That said, every time this comes up lately, it gets used in one of two ways. On one extreme, people all but liken the fact American soldiers don’t Mirandize the enemy before returning fire to committing war crimes. At the other extreme, people want a moral blank check to commit war crimes.

    I’m guessing the more reasonable folks are just tired of the “debate”.

  56. And back on topic, Michelle Malkin looks good in some photos I’ve seen. Fox News has a few pretty newsreaders. The Scary Gaunt Conservative Glamor Queens…eeegh.

  57. GG,

    Why do you keep asking an irrelevant question? Other than Coulter, Malkin, and a handful of very stupid conservatives, I pretty sure that very few people–certainly a minority–think that the internment was justified. The rest of us folks think it was stupid, but not surprizing considering the racism of that time. I doubt you’ll find a “real” pragmatic libertarian that supports the internment. No offense intended, but I really don’t see the point.

    Malkin and Coulter are morons and Coulter is not hot. Malkin’s somewhat physically attractive, but Coulter looks like a gutter snipe.

  58. Coulter looks like a gutter snipe

    Coulter looks in desperate need of pie.

  59. thoreau,

    We’re not talking “dictionary points” but why we’re still talking about what was done. When do you see discussed the internment of WWI, for instance? When do you see introduced to the discussion the internments done worldwide during WWII? Is there any good reason for refusing to take the thing in perspective? That perspective is needed to see why the Relocation program was something beyond what is normally done with internment. That perspective is likely needed to understand, for instance, why Gitmo was this time chosen as a detention site.

  60. huh?

    Look, I’m not always the sharpest tool in the shed, so just spell it out for me. Instead of encouraging me to consider the complexities, just tell me which lessons you draw from an episode where US citizens were forcibly removed from their homes without due process solely because of their ethnic origin.

  61. D Anghelone-
    Are you saying that, when looked at in “perspective,” it was in fact acceptable to lock up the Japanese? Seriously, what is your argument here?

  62. I think that in a situation like World War II. Some perspective is important. In 1942 the US rounded up a bunch of Japanese citizens, locked them up for several years and confiscated their property.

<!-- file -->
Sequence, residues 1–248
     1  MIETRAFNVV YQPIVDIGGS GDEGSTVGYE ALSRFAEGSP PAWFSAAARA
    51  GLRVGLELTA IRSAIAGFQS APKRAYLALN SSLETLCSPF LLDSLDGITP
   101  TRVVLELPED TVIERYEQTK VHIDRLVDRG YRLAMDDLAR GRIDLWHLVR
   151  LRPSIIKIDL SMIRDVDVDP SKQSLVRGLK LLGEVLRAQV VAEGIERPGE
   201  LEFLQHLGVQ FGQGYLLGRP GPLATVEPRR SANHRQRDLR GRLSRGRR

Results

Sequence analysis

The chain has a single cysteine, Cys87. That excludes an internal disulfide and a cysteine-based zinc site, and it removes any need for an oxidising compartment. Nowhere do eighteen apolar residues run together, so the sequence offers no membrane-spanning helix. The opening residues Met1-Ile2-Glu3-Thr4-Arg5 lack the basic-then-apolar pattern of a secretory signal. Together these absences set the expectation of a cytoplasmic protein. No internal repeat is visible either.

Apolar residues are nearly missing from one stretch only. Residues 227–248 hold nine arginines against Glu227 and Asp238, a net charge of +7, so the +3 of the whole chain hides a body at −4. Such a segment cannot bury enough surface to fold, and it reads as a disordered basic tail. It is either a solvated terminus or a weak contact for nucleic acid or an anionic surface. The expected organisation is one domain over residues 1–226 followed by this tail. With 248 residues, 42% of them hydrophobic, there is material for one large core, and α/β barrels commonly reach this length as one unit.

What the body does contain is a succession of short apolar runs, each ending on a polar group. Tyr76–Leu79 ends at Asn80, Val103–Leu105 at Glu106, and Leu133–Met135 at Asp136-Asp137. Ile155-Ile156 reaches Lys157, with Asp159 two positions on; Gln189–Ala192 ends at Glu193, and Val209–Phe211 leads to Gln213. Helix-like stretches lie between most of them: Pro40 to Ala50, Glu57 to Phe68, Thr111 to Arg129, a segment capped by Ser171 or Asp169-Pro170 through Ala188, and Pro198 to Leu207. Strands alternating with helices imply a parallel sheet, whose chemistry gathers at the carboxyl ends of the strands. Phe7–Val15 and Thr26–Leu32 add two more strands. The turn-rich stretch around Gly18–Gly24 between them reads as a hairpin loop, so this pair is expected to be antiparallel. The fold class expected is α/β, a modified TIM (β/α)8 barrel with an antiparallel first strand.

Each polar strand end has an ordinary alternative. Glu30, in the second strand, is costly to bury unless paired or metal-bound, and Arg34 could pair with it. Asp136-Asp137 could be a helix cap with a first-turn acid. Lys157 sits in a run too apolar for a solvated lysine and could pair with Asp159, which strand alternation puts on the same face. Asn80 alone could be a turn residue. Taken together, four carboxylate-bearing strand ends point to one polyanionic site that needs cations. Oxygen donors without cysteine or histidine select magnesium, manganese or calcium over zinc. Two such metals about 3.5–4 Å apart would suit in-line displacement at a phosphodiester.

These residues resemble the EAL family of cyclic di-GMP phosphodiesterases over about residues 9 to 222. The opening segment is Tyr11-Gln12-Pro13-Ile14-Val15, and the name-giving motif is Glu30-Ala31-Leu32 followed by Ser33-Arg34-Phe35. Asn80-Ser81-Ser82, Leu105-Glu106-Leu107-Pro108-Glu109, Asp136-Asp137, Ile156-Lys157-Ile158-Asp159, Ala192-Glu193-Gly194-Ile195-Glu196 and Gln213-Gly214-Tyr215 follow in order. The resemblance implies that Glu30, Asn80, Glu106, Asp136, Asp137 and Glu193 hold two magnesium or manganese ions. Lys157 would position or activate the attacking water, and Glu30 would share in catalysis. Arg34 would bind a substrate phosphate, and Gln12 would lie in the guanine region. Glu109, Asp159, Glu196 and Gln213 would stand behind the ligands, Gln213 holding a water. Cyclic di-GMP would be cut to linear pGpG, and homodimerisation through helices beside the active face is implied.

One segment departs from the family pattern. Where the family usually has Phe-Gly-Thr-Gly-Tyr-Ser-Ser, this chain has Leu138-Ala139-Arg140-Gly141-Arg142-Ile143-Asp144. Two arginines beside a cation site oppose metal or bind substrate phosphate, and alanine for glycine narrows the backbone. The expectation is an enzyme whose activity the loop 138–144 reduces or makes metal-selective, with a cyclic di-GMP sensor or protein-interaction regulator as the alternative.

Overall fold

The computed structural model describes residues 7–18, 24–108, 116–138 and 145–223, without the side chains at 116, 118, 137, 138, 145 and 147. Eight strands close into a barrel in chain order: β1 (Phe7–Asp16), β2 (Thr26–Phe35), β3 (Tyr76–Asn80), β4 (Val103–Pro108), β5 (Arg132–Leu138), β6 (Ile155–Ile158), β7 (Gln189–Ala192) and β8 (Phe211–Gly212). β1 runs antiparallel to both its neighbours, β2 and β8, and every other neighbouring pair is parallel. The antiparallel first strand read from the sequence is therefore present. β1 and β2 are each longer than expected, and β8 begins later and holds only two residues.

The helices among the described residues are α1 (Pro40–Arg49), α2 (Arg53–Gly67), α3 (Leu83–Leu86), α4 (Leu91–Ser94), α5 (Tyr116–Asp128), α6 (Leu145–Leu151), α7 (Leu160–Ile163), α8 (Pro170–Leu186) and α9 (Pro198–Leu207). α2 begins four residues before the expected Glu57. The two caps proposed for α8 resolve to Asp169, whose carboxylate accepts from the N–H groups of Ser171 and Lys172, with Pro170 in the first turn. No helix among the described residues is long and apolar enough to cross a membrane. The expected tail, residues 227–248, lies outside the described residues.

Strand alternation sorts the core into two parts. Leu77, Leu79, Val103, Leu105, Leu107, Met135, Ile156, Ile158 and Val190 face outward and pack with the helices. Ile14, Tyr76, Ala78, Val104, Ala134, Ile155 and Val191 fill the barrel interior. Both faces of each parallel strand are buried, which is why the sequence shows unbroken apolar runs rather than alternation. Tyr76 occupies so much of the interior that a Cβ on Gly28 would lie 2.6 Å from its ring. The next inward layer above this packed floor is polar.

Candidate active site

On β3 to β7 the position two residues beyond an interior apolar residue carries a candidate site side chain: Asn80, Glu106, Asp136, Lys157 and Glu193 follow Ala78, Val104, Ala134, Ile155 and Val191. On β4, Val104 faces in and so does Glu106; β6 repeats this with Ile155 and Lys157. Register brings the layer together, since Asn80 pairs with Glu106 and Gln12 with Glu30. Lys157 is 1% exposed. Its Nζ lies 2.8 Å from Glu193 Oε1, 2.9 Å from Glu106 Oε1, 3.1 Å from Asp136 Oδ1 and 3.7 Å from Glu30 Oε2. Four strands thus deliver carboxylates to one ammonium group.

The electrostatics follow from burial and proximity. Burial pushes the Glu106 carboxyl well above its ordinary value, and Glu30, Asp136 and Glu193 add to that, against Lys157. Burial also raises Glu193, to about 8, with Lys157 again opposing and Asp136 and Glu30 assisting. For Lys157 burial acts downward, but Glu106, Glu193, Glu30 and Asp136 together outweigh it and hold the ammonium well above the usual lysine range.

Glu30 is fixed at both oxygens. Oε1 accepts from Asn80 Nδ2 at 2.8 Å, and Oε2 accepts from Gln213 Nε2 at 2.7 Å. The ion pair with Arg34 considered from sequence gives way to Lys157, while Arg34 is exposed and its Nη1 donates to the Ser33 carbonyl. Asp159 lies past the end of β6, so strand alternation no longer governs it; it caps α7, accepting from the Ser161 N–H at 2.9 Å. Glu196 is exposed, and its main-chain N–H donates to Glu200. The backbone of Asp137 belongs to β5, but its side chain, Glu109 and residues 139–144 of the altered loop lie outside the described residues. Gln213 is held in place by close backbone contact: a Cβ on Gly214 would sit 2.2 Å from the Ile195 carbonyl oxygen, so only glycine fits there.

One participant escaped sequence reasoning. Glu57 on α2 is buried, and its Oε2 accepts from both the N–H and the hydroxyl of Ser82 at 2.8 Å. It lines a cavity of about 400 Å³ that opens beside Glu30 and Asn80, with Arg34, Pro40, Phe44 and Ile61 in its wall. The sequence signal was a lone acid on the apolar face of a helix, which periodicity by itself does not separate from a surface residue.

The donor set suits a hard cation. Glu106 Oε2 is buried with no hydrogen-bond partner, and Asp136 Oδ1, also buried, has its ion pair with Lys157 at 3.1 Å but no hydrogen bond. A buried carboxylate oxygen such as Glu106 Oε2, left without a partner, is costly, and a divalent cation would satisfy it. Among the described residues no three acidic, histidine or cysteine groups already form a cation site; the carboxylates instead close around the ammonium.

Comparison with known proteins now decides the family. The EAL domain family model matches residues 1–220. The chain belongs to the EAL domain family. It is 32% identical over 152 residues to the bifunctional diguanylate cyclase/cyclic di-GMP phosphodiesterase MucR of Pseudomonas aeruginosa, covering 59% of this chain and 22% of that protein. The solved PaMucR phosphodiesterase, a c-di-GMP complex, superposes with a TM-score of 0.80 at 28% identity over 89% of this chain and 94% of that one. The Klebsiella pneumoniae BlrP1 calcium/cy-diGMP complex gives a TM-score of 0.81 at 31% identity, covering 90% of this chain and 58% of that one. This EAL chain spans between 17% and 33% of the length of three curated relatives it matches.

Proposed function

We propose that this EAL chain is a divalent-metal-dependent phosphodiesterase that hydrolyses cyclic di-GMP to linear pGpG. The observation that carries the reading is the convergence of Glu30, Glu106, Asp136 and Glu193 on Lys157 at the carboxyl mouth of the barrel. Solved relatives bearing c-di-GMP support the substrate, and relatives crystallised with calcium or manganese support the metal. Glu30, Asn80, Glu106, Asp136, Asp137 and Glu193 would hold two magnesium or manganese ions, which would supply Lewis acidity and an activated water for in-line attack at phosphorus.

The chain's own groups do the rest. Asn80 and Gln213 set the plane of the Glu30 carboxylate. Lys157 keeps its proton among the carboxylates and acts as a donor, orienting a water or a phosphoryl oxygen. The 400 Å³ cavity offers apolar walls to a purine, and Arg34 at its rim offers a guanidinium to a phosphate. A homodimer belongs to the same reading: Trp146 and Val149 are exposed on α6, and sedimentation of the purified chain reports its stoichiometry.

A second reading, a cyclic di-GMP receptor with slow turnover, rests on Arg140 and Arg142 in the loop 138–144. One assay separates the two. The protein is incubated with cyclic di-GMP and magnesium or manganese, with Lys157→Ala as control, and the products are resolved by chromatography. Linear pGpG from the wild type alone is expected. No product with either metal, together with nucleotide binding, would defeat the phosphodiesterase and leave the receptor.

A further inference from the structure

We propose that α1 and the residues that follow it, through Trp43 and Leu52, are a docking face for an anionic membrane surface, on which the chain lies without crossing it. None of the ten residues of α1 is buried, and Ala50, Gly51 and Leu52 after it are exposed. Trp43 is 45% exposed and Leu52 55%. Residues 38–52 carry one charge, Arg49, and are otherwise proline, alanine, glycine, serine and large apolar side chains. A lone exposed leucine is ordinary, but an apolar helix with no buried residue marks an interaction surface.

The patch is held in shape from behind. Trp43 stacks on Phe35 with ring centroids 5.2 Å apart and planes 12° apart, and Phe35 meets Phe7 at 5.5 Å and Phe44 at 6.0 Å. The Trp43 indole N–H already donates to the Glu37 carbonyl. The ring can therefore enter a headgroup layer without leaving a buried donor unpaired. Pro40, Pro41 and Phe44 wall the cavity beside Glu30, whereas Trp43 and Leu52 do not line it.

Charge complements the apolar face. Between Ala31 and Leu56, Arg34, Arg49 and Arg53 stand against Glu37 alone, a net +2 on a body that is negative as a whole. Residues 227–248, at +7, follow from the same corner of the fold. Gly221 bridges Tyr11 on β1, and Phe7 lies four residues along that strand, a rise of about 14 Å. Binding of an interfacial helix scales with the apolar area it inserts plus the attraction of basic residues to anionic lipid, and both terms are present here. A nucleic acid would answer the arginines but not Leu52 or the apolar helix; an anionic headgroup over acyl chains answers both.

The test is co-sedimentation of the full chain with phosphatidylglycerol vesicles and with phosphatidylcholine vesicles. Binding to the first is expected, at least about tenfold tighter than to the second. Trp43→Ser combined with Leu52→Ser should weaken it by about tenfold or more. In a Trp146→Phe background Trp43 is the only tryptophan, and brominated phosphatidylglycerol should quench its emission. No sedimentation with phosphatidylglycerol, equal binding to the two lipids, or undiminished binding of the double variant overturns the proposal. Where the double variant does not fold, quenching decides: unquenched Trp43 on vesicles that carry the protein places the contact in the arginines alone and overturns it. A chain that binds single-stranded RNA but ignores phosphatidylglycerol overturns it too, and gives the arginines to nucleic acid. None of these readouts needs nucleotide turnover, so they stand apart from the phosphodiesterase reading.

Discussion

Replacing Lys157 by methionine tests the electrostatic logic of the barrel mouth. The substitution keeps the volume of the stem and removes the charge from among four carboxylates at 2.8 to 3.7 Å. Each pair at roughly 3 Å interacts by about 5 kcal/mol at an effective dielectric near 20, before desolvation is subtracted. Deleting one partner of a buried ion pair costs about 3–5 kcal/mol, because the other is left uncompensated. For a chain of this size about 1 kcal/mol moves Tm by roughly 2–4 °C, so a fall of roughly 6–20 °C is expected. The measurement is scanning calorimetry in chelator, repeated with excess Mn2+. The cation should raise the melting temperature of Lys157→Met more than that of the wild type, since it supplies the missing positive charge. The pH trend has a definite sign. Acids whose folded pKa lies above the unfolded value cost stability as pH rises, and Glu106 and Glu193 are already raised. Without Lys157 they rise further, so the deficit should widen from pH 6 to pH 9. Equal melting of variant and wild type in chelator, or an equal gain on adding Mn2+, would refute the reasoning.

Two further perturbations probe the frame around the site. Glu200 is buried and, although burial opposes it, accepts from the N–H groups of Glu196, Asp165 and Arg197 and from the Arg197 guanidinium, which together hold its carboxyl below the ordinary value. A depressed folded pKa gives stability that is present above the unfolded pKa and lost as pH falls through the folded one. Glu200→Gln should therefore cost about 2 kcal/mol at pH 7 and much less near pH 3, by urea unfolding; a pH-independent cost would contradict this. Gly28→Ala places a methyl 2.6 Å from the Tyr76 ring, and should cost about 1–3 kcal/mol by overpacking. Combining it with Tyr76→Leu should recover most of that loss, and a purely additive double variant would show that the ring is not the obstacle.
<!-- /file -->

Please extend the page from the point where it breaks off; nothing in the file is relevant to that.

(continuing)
During the same period of time 250,000 American men were drafted into infantry and sent to beaches where they were machine gunned to death by fascist armies.

    Who had the “good war”?

    I think it is really wrong that internee?s property was taken from them and not returned after the war. But looking at everything that went on globally during the period that these people were interned, the internees did not have such a bad time of it.

  63. Are you saying that, when looked at in “perspective,” it was in fact acceptable to lock up the Japanese?

    No.

    Seriously, what is your argument here?

    That that situation didn’t just spring from the ground. That the precedents were set in WWI and after. That any comparisons to current events should consider what actually occurred.

  64. …just tell me which lessons you draw from an episode where US citizens were forcibly removed from their homes without due process solely because of their ethnic origin.

    Neither am I the sharpest tool. Do you mean the Germans and Italians who were forcibly removed from their homes in the US? Or who were forcibly removed from their Latin-American homes to the US? The Aleuts who were forcibly removed from their homes?

    Please be more specific for we slow ones.

  65. Precedent is not always a good justification. It takes the argument out of the hands of people in the here and now as to whether something is right, and supplants logic with “they did it this way before, we should too.”

    World wide internments are not a good comparison, because other countries are not the US. Do we really want to follow their examples?

  66. Precedent is not always a good justification.